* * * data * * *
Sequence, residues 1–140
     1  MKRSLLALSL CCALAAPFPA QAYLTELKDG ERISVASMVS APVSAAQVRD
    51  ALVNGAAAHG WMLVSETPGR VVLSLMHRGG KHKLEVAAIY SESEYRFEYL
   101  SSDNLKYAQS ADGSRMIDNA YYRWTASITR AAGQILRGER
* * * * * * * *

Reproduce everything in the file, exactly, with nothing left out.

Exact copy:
Sequence, residues 1–140
     1  MKRSLLALSL CCALAAPFPA QAYLTELKDG ERISVASMVS APVSAAQVRD
    51  ALVNGAAAHG WMLVSETPGR VVLSLMHRGG KHKLEVAAIY SESEYRFEYL
   101  SSDNLKYAQS ADGSRMIDNA YYRWTASITR AAGQILRGER